Characterization of Wolbachia infecting Pentalonia aphids

Wednesday, November 13, 2013
Exhibit Hall 4 (Austin Convention Center)
Clesson Higashi , Plant and Environmental Protection Sciences, University of Hawaii Manoa, Honolulu, HI
Alberto Bressan , Plant and Environmental Protection Sciences, University of Hawaii, Honolulu, HI
Kerry M. Oliver , Department of Entomology, University of Georgia, Athens, GA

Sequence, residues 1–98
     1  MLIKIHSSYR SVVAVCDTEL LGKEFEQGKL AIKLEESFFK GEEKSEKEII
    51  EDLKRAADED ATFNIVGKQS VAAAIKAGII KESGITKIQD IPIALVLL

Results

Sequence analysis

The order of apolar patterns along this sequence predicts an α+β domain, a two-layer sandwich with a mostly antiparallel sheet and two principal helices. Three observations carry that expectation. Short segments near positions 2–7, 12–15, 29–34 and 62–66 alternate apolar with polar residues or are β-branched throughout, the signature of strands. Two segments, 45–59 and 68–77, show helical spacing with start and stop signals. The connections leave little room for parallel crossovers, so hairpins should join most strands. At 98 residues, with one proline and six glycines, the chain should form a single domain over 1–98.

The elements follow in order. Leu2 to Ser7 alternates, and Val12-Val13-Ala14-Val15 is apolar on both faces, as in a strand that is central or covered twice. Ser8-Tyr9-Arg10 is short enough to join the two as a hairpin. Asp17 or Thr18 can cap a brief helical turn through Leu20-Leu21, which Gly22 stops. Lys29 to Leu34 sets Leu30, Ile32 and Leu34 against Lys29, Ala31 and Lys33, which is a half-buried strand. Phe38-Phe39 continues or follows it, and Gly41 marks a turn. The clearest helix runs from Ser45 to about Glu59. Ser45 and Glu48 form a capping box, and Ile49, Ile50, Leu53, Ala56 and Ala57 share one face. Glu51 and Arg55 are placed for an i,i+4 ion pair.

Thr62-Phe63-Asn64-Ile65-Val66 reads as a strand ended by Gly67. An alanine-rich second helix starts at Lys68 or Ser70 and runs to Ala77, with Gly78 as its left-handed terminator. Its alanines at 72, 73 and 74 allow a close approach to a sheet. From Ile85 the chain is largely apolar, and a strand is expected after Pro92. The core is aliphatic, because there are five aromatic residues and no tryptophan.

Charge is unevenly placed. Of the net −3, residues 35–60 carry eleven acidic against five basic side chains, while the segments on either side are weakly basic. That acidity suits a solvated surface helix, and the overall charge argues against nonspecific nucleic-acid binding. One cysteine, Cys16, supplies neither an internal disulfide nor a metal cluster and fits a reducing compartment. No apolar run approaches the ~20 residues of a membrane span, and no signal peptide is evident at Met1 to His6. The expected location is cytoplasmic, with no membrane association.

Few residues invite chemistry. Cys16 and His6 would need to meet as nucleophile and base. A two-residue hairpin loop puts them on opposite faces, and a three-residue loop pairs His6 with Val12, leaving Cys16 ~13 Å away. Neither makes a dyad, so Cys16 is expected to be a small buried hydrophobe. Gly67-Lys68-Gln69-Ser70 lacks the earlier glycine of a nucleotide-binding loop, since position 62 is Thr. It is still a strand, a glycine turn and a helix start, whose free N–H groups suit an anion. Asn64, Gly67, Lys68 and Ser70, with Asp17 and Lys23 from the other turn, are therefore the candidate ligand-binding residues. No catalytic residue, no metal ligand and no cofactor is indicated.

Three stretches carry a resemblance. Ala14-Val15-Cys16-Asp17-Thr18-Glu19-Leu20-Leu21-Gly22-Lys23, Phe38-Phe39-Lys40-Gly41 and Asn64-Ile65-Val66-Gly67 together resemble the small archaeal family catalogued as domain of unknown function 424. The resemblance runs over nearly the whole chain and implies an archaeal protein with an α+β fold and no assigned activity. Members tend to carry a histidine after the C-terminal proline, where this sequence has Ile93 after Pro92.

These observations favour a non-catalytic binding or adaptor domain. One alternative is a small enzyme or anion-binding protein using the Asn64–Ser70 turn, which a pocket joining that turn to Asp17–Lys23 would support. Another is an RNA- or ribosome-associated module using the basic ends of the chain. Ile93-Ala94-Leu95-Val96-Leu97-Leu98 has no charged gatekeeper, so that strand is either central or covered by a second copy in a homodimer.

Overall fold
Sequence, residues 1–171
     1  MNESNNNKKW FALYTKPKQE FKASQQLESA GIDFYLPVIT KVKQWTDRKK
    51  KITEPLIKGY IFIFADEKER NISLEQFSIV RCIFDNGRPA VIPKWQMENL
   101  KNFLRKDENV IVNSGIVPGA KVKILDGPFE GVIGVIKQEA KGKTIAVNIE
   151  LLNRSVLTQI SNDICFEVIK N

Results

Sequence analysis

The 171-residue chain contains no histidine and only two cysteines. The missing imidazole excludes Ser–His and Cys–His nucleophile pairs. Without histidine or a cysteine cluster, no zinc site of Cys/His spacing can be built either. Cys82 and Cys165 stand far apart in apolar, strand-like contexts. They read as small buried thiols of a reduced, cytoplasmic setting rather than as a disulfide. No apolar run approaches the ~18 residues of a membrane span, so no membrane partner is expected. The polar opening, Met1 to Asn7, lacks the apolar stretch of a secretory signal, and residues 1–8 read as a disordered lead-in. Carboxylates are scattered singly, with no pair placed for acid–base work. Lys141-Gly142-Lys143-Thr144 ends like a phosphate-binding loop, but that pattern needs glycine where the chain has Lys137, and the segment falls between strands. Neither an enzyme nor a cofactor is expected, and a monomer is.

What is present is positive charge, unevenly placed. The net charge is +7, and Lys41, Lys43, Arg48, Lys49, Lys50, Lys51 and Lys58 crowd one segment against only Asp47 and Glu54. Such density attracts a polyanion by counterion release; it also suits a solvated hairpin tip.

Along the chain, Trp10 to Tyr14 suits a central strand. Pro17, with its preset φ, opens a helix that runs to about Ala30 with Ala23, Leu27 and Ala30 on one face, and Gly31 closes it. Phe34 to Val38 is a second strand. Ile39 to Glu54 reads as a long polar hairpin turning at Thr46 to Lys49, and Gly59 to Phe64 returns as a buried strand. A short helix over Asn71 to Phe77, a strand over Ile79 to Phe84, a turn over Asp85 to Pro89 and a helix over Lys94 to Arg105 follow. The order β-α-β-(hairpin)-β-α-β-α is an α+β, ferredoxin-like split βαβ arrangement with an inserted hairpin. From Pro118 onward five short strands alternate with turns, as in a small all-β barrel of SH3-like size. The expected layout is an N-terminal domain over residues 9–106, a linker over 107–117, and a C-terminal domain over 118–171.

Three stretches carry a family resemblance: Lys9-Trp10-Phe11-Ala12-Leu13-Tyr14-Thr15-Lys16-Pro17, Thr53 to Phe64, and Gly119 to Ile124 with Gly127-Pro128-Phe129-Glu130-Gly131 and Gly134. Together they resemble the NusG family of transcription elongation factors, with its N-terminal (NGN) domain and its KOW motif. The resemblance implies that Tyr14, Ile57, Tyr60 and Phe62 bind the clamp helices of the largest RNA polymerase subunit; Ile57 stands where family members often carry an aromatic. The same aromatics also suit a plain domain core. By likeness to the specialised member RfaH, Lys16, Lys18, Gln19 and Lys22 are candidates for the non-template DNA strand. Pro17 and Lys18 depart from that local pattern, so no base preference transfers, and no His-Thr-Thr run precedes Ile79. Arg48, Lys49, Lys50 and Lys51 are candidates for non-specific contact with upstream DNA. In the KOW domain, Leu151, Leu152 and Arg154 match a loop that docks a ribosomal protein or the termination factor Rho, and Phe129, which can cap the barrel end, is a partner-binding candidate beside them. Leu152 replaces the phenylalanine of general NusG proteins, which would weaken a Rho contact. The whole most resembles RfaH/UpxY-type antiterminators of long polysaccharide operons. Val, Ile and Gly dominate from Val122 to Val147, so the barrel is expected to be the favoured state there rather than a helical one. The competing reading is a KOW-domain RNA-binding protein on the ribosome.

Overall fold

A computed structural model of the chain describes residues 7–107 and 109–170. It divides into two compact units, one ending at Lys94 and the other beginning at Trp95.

Wolbachia (alpha-Proteobacteria) is an obligate intracellular symbiont known to infect more than 65% of insect species. In this study, we examined the prevalence and evolution of Wolbachia infecting aphids in the genus Pentalonia across the Hawaiian islands. A total of 260 colonies of Pentalonia nigronevosa and P. caladii aphids were collected on various host plants (Banana, Heliconia, Taro, Ginger) across the islands of Kauai, Oahu, Maui, Molokai, and Hawaii. Samples of Pentalonia aphids from India and Australia were also obtained through collaborative efforts. Diagnostic PCR was performed using Wolbachia specific primers for 16S, ftsZ and gatB genes to determine the infection frequencies for Wolbachia. Multilocus Sequence Typing system (MLST) was used to identify and characterize the Wolbachia strains. Infection rates among the field-collected colonies of P. nigronevosa and P. caladii were similar and averaged at 85% and 81%, respectively. Wolbachia was also detected in P. nigronevosa samples from Australia and India, demonstrating that infections are not restricted to Hawaii. MLST analyses revealed that a single strain of Wolbachia (wPe) globally colonize Pentalonia aphids. Phylogenetic analyses of the 16S rRNA and MLST gene sequences shows wPe being highly diverged from lineages that infect nematodes and several other arthropods. The large divergence with the extant lineages suggests that wPe may be part of a novel supergroup. Wolbachia is generally regarded as a reproductive manipulator inducing parthenogenesis, feminization, male killing and, cytoplasmic incompatibility. However, since aphids in subtropical and tropical regions tend to reproduce exclusively partenogenetically, it is concivable that Wolbachia spread into these hosts by providing them with net fitness benefits.
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